It seems the Government could shave up to €16 billion from the public sector pension bill if it was to break the automatic link between pensions and public sector pay rises, according to a study by the Department of Public Expenditure and reform.
It’s an eye-catching figure, although the Department admits it will take 70 years to see the full impact of the change, which works out at a less impressive €229 million a year.
Public sector pension increases should be linked to inflation instead of pay rises, as is the norm with the better private pension schemes, the Department argues.
Not only that, the time to make the change is upon us, because it could be slipped through as part of the process of unwinding all the emergency legislation introduced in recent years. Indeed, the legislation to implement the change exists and all that is required is a resolution passed by the Dáil.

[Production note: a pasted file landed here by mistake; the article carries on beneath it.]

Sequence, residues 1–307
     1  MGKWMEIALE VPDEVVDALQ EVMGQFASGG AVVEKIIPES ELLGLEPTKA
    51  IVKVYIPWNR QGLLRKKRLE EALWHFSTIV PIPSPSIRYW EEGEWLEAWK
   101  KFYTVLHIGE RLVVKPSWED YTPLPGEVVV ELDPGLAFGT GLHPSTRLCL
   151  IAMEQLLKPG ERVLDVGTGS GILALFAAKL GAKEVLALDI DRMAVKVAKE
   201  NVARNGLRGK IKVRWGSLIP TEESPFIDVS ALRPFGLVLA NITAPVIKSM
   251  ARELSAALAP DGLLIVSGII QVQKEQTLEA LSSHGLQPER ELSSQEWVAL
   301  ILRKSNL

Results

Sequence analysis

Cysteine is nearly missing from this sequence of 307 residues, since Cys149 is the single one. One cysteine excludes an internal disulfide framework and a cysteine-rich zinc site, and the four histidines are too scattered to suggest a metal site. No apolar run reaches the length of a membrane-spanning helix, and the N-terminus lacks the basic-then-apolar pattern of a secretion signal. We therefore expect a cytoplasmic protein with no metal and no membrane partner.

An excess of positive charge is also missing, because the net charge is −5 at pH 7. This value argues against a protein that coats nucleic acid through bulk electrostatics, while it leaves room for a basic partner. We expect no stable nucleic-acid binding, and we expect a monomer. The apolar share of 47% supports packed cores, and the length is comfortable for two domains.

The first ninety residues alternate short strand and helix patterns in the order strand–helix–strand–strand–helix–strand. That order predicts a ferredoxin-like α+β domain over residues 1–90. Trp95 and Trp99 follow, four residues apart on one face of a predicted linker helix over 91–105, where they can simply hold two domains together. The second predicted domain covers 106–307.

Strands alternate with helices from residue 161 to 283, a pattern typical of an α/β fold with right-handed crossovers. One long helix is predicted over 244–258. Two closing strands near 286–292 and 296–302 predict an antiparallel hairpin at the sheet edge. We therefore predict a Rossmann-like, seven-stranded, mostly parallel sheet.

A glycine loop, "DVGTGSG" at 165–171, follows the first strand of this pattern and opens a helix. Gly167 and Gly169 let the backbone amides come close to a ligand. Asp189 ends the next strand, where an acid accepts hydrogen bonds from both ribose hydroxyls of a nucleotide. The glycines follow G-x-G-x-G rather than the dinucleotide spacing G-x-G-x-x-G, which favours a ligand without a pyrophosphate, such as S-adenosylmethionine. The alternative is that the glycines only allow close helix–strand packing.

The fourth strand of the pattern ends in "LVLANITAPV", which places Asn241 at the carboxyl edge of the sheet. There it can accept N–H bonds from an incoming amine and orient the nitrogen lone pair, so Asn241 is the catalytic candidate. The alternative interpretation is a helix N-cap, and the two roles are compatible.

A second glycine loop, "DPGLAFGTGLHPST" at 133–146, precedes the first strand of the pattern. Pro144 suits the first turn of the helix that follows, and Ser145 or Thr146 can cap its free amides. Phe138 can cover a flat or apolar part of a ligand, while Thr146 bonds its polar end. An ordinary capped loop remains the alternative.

Easier said than done, one suspects, given the number of current and retired public sector employees and their penchant for actually going out and voting.
There is, however, one rather puzzling aspect of the Department’s calculations and it is the assumption, implicit in the analysis, that public sector pay will rise by more than inflation for the next 70 years.
Not only that, one has to assume it will rise by substantially more than inflation in order to result in an increase in pension liabilities of €16 billion.
There is no explanation for why public pay rises should be expected to outstrip inflation for the foreseeable future. Perhaps it is simply a reflection of past realities such as benchmarking.
But one wonders if the energies of the Department of Public Expenditure and Reform's uber-ambitious secretary general Robert Watt (pictured above) might not be better expended in linking public sector pay rises to inflation in the next few years rather than floating an idea that would require a large number of Dáil deputies to try to vote themselves out of a job.